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Seth Dixon's curator insight, September 12, 2014 3:51 PM

GE Teach is a powerful mapping platform that harnesses the power of Google Earth into a user-friendly format.  I've you've ever wanted multiple maps on the screen to compare and contrast, this is great tool.  Designed by an APHG teacher, this is a great way to bring geospatial technologies into the classroom.  With multiple data layers of physical and human geography variables, this becomes an interactive globe.  Click here for the video tutorial.  


Tags: googlemapping, virtual tours, geospatialAPHG, edtech.

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How to Follow the Iceland and Papua New Guinea Volcano Eruptions

How to Follow the Iceland and Papua New Guinea Volcano Eruptions | Our Physical World | Scoop.it
Webcams, Twitter, and data visualizations show you what's going on with Bárðarbunga and Mount Tavurvur.

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Jake Red Dorman's curator insight, November 13, 2014 10:50 AM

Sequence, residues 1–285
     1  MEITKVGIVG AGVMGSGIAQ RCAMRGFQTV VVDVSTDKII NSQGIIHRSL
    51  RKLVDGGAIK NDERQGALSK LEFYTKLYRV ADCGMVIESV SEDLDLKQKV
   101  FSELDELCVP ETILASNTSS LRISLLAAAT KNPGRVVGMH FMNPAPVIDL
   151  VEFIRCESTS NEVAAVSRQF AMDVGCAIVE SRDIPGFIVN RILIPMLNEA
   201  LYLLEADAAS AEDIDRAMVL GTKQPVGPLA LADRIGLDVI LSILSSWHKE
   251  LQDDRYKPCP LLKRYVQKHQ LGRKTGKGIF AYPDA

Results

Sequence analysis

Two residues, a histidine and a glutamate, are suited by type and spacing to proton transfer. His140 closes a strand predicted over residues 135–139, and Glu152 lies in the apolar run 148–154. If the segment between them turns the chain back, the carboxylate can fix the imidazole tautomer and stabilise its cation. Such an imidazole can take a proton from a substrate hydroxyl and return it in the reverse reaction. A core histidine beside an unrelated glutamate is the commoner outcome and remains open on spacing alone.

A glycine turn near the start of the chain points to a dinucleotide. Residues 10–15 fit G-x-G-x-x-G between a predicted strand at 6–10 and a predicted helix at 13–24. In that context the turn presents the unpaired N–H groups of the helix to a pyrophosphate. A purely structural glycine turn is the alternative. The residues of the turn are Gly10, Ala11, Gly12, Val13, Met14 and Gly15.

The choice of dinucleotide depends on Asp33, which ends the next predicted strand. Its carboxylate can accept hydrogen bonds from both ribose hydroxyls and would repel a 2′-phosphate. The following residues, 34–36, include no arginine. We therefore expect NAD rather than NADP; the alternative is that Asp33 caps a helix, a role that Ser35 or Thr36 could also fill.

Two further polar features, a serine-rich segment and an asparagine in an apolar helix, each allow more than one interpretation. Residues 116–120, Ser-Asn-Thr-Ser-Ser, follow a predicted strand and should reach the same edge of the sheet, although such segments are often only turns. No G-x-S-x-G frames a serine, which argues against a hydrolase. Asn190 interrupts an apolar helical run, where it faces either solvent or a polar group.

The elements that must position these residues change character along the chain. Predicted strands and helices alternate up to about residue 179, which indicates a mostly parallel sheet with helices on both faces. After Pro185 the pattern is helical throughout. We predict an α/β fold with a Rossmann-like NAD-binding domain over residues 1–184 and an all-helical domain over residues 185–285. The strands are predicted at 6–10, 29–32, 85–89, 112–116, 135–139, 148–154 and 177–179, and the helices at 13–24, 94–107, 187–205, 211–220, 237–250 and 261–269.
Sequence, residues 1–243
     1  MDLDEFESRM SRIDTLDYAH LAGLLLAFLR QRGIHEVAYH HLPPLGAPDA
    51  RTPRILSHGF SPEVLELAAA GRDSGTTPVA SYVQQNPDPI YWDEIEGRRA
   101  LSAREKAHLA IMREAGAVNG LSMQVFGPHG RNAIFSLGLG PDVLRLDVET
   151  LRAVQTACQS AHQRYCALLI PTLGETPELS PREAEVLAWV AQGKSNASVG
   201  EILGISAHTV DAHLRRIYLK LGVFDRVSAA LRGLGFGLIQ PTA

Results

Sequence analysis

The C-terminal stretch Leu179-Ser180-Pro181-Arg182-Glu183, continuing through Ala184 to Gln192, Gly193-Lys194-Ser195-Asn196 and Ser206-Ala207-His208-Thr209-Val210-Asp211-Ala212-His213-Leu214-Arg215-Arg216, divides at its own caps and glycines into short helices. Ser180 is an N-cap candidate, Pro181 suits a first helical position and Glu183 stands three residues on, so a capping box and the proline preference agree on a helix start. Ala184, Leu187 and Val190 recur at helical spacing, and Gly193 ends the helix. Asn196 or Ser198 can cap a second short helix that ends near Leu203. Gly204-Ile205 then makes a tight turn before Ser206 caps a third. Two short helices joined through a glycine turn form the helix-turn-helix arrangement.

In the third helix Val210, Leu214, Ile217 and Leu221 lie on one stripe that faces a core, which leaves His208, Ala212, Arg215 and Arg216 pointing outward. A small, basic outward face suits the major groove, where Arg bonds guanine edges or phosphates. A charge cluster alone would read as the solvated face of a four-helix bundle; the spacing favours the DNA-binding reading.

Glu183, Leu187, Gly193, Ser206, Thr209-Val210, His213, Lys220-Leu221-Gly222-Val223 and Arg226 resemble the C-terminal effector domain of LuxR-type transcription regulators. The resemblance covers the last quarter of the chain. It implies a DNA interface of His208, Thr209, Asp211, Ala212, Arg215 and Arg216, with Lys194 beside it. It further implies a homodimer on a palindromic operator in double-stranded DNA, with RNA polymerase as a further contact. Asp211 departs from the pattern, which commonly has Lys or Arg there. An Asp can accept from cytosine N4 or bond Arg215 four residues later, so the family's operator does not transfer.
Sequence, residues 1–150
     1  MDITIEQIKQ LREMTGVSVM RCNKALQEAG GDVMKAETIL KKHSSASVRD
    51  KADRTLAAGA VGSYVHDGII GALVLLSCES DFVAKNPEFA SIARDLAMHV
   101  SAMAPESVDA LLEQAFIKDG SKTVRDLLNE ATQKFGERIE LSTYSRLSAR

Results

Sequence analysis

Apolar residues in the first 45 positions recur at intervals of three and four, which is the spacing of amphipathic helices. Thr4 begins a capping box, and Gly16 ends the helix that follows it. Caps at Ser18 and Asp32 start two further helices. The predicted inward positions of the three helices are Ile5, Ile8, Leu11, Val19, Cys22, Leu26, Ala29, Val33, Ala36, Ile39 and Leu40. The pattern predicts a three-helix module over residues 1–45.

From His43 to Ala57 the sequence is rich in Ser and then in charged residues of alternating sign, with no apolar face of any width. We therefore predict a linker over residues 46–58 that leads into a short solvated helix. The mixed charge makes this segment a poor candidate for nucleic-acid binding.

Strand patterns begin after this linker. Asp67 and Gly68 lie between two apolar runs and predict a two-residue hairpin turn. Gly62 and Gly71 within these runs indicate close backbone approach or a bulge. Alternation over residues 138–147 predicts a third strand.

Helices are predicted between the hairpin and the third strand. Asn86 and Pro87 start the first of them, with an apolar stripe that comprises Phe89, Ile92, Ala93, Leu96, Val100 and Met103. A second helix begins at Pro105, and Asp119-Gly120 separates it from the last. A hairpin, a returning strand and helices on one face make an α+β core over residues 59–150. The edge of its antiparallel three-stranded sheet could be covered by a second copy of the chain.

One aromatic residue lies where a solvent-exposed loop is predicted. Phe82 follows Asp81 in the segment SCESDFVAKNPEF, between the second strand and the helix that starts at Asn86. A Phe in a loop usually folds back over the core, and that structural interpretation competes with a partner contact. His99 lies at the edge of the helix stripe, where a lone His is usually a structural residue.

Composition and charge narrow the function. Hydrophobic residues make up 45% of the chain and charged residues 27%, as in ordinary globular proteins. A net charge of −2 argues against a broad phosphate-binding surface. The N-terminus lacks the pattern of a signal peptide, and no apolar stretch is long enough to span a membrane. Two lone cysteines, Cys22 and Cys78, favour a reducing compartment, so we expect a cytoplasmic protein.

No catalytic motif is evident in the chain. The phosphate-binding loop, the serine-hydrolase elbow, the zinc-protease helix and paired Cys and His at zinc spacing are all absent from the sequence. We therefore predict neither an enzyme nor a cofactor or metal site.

Air travel was almost all in code red when Iceland’s volcano Bárðarbunga and Papa New Guinea’s volcano Tavurvur erupted at the same time one day. All of Europe was in code red and also the Middle East, East Asia, Southeast Asia, South Asia, Australia, Russia, parts in Africa, and even in parts of South America. All other places such as the United States, United Kingdom and Canada were all in code orange. I’m not sure if this happened by coincidence since Papa New Guinea’s volcano is very active or that it is somehow connected, But I was looking at the tectonic plates and it doesn’t seem like they are connected, but there are plate lines located exactly where the volcanos are. I am guessing this happened dues to both of those plates moving at the same time, creating a simultaneous eruption.

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What Happens When a Hurricane Meets a Volcano?